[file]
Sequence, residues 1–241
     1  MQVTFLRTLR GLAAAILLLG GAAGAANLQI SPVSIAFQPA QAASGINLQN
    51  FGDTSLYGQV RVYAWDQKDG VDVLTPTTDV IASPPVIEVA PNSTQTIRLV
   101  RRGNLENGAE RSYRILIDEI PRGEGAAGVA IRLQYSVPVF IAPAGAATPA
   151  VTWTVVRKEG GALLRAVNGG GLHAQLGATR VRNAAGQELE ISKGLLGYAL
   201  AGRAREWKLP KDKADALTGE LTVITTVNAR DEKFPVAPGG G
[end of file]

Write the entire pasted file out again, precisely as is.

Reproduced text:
Sequence, residues 1–241
     1  MQVTFLRTLR GLAAAILLLG GAAGAANLQI SPVSIAFQPA QAASGINLQN
    51  FGDTSLYGQV RVYAWDQKDG VDVLTPTTDV IASPPVIEVA PNSTQTIRLV
   101  RRGNLENGAE RSYRILIDEI PRGEGAAGVA IRLQYSVPVF IAPAGAATPA
   151  VTWTVVRKEG GALLRAVNGG GLHAQLGATR VRNAAGQELE ISKGLLGYAL
   201  AGRAREWKLP KDKADALTGE LTVITTVNAR DEKFPVAPGG G